Tuesday, 3 May 2011

What a long, strange trip it's been.

So the first year is over with just some loose ends to tie up and a few extra personal projects, then it's on to year two. I'm sure everyone says it but damn, this went fast. Seems only yesterday I was failing at drawing cars... oh wait, that was yesterday. Need more work on that.

Anyway, I'm extremely grateful for this chance to progress and to really find what I aspire to accomplish in the future. I'll be honest and admit I'm not very fond of 3D; I don't necessarily find it boring or difficult as I did at the start of the year, it's more or less a case of disinterest; I can still get on with it, and I want learn however that's really because any extra knowledge of the elements of game design on top of 2D is crucial. Therefore I will learn.

I became aware of this when I realised I never went looking for 3D art as I do 2D. I'm always going on concept art websites, or looking at the art from games like World of Warcraft, God of War and (the one I cant wait for solely because of the art) Guild Wars 2.


Nevertheless, I'll keep at it because it'll be of paramount importance for sealing a job. I've become slack with game production as well, not to say I wasn't trying hard at it but I could have tried far harder and practised more out of projects. I found that when there was a lecture on new tools and techniques I got lost within five minutes because I hadn't caught up on the previous weeks tutorials assuming I'd catch-up... I did, just took months. So a more proactive approach for next year as well as a shit ton more practice during the summer break.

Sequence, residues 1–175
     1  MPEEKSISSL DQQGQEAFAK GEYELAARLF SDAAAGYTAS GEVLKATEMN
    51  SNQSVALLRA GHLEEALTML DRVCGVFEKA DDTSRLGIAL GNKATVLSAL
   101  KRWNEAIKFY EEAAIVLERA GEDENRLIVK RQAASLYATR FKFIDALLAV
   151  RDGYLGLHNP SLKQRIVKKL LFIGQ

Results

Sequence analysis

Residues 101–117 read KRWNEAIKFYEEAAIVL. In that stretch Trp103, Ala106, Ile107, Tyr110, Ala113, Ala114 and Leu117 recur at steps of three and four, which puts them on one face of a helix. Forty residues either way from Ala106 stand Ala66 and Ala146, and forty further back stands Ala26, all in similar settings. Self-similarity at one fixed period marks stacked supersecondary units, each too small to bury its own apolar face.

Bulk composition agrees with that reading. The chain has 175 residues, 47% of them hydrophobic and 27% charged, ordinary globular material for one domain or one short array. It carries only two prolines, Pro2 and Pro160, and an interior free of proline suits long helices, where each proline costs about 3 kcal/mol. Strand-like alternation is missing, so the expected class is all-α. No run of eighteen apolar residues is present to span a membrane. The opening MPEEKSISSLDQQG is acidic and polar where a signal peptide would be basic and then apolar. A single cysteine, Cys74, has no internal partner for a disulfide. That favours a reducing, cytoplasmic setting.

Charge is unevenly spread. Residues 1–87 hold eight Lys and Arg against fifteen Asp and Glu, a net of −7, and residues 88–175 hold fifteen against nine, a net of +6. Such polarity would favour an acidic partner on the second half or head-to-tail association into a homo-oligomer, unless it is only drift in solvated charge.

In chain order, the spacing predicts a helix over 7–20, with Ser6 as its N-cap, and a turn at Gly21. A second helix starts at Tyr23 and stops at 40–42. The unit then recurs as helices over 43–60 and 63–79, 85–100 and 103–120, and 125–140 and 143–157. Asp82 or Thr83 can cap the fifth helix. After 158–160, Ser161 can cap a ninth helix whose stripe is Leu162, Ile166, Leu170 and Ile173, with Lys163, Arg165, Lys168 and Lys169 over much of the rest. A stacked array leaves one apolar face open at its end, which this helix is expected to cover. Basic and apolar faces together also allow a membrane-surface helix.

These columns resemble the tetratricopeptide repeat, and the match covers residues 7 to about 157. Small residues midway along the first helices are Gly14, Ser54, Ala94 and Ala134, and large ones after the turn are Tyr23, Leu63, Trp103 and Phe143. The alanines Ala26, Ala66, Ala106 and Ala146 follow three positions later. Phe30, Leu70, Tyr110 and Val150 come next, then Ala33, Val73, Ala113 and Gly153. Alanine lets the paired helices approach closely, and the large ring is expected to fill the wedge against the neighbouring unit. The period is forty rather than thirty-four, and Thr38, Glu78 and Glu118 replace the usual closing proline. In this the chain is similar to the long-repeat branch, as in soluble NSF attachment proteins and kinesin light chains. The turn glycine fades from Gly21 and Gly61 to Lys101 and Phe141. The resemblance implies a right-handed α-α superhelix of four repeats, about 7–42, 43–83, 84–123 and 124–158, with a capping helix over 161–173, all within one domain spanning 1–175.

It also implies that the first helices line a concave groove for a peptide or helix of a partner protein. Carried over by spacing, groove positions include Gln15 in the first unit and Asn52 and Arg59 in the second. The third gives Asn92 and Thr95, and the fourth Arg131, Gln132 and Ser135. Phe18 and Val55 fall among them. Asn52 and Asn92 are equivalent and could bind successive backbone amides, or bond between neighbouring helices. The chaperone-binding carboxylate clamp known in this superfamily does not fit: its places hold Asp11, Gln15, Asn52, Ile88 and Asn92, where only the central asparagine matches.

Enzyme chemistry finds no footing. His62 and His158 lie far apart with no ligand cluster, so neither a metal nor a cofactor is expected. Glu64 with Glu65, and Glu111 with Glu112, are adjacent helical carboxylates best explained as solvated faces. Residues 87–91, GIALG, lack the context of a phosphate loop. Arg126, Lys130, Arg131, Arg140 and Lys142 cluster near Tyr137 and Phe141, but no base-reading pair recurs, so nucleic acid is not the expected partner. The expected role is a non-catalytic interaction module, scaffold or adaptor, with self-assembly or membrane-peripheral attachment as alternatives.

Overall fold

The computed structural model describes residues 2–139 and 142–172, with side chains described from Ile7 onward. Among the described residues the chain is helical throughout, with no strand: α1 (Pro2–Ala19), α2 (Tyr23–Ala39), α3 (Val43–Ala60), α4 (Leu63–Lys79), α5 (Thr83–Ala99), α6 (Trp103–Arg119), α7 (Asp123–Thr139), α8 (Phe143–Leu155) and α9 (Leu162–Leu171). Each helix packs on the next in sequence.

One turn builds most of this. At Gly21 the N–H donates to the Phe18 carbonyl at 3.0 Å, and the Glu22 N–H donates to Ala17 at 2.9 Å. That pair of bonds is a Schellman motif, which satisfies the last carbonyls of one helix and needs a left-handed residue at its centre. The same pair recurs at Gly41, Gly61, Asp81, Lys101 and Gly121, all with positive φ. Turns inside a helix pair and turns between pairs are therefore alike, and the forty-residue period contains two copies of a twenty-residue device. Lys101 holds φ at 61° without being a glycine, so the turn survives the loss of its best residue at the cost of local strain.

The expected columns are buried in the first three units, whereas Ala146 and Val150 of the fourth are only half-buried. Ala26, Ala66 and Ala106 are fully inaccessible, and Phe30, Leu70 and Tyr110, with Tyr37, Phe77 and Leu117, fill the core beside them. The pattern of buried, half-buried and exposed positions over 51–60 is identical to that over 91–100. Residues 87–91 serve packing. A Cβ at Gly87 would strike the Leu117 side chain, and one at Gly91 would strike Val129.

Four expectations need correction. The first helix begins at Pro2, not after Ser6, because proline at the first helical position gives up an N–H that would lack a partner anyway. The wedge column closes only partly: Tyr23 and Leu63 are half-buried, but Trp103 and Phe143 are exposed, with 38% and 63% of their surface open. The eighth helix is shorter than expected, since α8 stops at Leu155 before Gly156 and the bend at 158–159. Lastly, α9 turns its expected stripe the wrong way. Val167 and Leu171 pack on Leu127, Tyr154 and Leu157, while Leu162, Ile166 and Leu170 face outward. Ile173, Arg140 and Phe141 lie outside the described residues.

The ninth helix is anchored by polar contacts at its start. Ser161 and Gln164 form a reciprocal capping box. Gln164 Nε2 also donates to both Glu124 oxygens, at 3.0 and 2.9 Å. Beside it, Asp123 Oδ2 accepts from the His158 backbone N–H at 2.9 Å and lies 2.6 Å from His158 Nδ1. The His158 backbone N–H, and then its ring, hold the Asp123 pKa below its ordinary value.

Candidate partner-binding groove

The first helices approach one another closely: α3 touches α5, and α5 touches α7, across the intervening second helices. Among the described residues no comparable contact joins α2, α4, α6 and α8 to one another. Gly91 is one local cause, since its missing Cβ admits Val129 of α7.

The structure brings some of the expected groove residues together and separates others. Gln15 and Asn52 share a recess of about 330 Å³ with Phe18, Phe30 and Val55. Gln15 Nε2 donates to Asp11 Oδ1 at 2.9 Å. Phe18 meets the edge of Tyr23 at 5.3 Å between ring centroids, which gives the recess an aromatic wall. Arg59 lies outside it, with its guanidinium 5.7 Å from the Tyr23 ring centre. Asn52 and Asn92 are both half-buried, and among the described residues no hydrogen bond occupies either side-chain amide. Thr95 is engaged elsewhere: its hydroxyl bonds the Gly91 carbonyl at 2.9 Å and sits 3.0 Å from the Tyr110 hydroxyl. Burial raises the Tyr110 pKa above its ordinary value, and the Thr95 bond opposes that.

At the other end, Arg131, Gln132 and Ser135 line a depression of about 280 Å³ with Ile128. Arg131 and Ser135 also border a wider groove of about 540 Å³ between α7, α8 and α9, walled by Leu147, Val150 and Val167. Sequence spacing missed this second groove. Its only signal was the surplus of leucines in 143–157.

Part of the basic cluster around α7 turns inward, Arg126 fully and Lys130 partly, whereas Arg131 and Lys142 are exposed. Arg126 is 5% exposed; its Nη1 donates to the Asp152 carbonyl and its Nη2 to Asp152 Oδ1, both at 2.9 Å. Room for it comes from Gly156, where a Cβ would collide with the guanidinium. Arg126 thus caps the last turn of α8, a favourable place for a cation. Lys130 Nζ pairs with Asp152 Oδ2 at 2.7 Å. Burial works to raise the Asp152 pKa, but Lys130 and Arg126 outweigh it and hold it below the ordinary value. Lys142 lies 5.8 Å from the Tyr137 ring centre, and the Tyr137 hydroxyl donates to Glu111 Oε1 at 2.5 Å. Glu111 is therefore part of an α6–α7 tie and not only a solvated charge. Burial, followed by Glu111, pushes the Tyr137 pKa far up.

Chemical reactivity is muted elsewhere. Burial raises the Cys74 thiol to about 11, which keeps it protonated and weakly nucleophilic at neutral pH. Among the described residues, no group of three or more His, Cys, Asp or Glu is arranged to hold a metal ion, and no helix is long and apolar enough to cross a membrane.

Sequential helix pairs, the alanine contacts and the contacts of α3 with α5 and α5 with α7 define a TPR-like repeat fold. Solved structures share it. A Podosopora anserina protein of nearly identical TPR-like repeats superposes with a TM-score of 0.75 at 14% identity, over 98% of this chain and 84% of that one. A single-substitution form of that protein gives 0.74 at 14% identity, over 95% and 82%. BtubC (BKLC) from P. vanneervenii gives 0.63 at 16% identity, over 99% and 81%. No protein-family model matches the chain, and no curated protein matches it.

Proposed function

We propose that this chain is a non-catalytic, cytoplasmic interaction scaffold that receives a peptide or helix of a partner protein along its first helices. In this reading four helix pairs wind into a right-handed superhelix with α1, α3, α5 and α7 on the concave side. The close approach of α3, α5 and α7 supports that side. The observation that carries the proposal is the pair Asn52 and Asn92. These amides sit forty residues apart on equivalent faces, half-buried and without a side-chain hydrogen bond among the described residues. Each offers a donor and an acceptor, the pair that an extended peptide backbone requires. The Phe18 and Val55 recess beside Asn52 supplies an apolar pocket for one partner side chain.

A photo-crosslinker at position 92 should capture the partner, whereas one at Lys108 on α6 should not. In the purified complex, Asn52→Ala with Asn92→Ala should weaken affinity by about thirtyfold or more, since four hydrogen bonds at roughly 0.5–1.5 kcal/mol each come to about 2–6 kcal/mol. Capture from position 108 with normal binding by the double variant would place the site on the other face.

Something I will do next year to aid this will simply be to go to the labs as oppose to staying at my flat to do work under the credo that my fridge and entertainment are there. A lunch box will sort that out and entertainment only stifles my work flow. Really is a pity that it took me a year to concur this.

As for 2D; love it. Simple as. I want to be a concept artist (yeah, one of them) and this year has really been quite significant in turning me into an artist. Not necessarily in the skill department but in the mindset. I like things I despised and tried things I didn't care for. All for the better.

Then of course there's the blog. Something I was pretty keen on from the start though found the earlier projects quite dull (history of games РI'm a heathen). The reason for me looking forward to blogging was due to the chance to improve my writing; no idea if it has however I feel the ability to write constructively while holding interest is key for just about any walk of life; like exercise, it's just something every should do to improve themselves. On top of that it's one more notch in the proverbial axe that is my resum̩.

To highlight on that; more I hope to achieve in the second year is to become a better communicator. There's the game review planned as well as the standard presentation of the first semester so these are but two chances to try. I'm gonna go red and my voice is likely to sound like a pubescent geek but it's gotta be done. Maybe I'll just grow my hair long so I can shield my face from the judgemental gaze of the world. Although that might lead me to listening to Linkin Park and I'm not sure I could take that.